People are crazy about watching videos on Youtube, Metacafe & Co. but the videos there are in most cases either entertaining or kinda crappy. In my opinion, it's a little hard to find really good or useful videos on those websites due to the sheer amount of videos that get published on them every hour.
While you may be able to find videos if you carefully word your search phrases, it is often the case that you do get unrelated or unfitting videos in the search results next to some that provide you with what you have been looking for.
You probably want to learn something new sometimes and in such case video tutorials are often better suited than text tutorials. Instead of just reading how something is done, you hear and see it instead. This may include additional tips and information that written tutorials may not include, making video tutorials a great source of knowledge.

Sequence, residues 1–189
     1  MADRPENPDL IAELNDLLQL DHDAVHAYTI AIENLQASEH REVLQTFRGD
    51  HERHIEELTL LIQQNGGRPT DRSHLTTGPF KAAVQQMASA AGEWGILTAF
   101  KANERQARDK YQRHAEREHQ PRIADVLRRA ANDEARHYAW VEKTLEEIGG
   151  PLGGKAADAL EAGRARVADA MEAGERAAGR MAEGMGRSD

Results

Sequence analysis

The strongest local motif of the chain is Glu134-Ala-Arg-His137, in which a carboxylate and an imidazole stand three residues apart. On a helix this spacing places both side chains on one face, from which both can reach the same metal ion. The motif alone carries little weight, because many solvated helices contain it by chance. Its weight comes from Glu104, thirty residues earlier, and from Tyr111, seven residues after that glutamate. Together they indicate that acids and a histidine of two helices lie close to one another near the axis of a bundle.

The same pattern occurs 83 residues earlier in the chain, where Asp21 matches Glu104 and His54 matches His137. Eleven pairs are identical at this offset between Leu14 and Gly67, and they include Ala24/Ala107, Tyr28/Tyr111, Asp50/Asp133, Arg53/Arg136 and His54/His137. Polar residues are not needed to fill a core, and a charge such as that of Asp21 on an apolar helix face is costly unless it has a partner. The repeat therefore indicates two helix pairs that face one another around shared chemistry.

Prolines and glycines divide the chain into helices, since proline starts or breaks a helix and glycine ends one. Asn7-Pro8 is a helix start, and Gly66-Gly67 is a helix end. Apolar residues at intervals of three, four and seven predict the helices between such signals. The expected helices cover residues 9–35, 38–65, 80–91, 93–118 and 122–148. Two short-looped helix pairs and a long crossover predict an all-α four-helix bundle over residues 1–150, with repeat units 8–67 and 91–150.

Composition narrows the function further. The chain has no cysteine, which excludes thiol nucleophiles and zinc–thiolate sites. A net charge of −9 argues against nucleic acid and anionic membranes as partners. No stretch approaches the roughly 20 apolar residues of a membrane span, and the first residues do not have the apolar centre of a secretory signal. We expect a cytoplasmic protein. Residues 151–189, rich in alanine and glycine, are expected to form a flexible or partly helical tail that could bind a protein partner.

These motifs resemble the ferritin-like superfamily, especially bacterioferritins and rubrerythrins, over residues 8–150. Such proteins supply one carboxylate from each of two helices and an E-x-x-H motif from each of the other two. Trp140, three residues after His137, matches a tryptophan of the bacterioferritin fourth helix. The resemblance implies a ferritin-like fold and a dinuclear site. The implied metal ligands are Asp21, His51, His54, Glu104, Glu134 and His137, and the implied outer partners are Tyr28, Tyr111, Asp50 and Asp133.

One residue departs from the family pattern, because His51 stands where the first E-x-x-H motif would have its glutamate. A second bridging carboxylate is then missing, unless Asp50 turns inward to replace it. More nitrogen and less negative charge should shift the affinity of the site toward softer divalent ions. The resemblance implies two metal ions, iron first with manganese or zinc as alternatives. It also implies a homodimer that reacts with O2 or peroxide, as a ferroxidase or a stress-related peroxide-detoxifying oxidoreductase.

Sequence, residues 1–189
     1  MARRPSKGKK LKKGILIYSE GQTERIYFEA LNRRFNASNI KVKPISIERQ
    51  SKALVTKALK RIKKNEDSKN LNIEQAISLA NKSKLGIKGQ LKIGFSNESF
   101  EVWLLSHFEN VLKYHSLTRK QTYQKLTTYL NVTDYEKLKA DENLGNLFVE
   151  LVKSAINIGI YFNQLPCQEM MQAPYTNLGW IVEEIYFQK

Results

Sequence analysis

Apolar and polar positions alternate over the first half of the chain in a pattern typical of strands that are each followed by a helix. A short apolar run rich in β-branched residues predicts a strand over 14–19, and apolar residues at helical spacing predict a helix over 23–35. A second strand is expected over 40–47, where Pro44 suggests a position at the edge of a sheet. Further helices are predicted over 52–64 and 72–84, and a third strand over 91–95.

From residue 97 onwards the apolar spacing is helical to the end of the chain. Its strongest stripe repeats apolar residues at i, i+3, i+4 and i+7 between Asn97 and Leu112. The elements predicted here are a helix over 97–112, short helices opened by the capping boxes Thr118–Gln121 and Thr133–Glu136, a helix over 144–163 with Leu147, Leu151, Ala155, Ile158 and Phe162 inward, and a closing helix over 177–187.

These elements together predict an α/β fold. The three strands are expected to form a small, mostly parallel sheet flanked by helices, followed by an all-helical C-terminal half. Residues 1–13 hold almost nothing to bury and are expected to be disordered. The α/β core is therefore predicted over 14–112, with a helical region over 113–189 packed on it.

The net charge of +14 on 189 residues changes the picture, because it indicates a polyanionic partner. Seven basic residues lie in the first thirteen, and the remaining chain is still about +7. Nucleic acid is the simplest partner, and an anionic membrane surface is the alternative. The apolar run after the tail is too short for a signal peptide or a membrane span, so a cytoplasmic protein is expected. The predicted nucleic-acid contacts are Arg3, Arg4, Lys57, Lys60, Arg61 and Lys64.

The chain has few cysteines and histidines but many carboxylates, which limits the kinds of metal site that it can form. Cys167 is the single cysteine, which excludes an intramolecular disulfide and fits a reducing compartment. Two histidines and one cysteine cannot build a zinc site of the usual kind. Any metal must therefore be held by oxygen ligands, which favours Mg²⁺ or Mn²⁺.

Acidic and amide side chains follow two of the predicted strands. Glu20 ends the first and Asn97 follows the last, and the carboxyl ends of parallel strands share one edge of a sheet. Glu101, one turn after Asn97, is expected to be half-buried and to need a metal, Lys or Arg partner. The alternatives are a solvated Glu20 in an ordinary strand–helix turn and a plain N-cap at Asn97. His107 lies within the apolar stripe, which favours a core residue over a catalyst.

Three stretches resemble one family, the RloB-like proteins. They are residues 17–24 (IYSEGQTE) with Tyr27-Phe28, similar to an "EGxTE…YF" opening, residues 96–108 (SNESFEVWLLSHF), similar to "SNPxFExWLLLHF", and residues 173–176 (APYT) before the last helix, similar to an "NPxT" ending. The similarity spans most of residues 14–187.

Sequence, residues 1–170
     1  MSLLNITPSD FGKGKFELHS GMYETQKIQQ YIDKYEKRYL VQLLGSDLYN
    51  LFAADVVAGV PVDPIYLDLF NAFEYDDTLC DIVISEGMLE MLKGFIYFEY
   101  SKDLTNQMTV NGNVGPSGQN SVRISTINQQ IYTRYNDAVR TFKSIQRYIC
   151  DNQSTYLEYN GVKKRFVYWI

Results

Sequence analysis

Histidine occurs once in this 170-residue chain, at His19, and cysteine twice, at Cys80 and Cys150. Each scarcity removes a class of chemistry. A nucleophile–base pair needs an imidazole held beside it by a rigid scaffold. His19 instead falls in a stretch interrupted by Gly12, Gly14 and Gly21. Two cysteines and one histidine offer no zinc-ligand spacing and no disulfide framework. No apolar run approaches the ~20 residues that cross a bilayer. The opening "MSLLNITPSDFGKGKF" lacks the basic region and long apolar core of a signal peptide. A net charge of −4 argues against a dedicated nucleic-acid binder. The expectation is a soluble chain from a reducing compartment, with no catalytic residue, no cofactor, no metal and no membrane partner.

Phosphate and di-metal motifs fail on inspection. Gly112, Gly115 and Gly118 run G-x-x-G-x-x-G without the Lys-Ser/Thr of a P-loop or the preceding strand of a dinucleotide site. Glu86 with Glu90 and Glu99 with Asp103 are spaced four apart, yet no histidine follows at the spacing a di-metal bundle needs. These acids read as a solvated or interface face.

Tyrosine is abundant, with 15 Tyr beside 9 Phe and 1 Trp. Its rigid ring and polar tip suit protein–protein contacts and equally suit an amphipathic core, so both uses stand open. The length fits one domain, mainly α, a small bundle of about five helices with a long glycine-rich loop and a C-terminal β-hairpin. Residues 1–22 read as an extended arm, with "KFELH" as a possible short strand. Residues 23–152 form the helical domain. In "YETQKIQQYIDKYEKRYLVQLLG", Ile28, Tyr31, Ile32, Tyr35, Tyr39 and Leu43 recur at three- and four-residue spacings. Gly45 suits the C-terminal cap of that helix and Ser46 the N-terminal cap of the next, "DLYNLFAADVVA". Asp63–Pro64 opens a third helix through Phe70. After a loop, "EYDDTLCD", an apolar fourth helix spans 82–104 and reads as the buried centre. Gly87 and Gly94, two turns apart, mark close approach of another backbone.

SuTree is a social website aimed at creating and maintaining a knowledge community. They collect video lessons, tutorials and short how-to videos from the community, let users decide which are the best ones and also approve the videos themselves (at least they claim so). SuTree was also nominated for the CNET's WebWare 100 competition.
Currently there are about 5500 videos in the site's database divided into several categories including computers and electronics. In the computers category for example there are videos about Photoshop, Excel, PowerPoint and similar common applications.
However, for tutorials of this kind maybe I'd better suggest you to take a look at the previously mentioned Showmedo which is probably more specialized in this kind of tutorials.
SuTree still offers interesting stuff, though. I especially enjoyed the Everyday Advice category which is a collection of all sorts of advice from self defense to wrapping gifts.
Update: The video site has improved over the course of years, featuring more than 90,000 videos now. You can still browse one of the categories on top, use the tag system or search to find video tutorials of interest.
Note that videos do not play on the site itself, but that you are redirected to the source site, e.g. YouTube, where you can play the video.Advertisement
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